With the rumored iPhone 6 in development, now is a good time to take a look at the man who guided Apple to be a dominate player in the smartphone business. Many people say Jobs was a master innovator, famous for his “i” product families, that put the i in innovation!
Steve is considered to have been one of the top 12 innovators of all time, sharing the recognition with Thomas Edison, Leonardo Da Vinci, and Richard Feynman, among others. His leadership and management practices were controversial, but nobody can dispute the impact he had on the world of technology and entertainment.
He and his co-innovators gave us several products that became household names – Apple, Macintosh, Pixar (Toy Story, Cars, etc.), iPod (changed the music industry almost over night when iTunes was released), iPhone, and iPad.
Want to become a more skilled innovator? There are insights to be had by reading about and digesting Steve Jobs’ work. I have followed his career and even while it was happening did not realize the impact he was having on innovation and product development.
He was human, he made mistakes, he was controversial, but there is no doubt that he was a master innovator with a keen sense of design customers loved.
Yes, he surrounded himself with other innovators and he burned a few out, but in the end, he along with others, created and revolutionized several industries in front of our eyes: smart phone and mobile technology, animated films, music downloads, and way back in the beginning he took computers out of ugly command line interfaces and matured graphical user interfaces that caused people to think differently about what computers really did for us and how they could be used. His sense of design and artful spirit drove Apple to create more appealing user experiences.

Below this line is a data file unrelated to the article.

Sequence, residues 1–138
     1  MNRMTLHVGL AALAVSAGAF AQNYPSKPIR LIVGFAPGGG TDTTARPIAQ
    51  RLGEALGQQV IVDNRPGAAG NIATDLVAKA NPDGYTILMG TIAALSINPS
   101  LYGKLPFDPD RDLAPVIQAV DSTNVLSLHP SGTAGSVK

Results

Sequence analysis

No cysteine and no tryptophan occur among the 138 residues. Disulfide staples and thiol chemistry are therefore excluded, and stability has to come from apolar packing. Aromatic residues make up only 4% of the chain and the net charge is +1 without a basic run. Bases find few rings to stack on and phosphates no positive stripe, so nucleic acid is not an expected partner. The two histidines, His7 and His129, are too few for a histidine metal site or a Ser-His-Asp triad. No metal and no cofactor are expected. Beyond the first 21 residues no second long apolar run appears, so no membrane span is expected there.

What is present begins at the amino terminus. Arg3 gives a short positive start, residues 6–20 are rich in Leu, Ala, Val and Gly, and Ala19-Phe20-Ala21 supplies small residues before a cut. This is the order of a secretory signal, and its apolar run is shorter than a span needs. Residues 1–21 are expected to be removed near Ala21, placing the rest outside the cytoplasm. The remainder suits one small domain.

The 7 Innovation Secrets
Carmine Gallo, Forbes contributor, says when Steve returned to Apple after a 12 year absence he made a bold statement that Apple will “innovate its way out of its current predicament.” Gallo also refers to a quote from New York Times columnist Thomas Friedman that “the day of average is over” and “Steve Jobs never thought average thoughts.” Gallo then presents what he callsThe 7 Innovation Secrets of Steve Jobs. Several great innovation lessons can be learned from the 7 Secrets:
- Do what you love – Passion and innovation are the secret sauce
- Put a dent in the universe – focus on the big picture
- Creativity – use experiences to connect ideas that may seem disparate
- Say no to 1000 things that don’t work – take a lesson from Edison
- Create “Experiences” – Apple was a master at creating the desktop experience and then the smart phone experience
- Master the message – Nobody did it better – watching him on stage (even at the end) was always inspiring
- Sell Dreams, not products – iPhone, iPad, iPod, iTunes, iWhatever!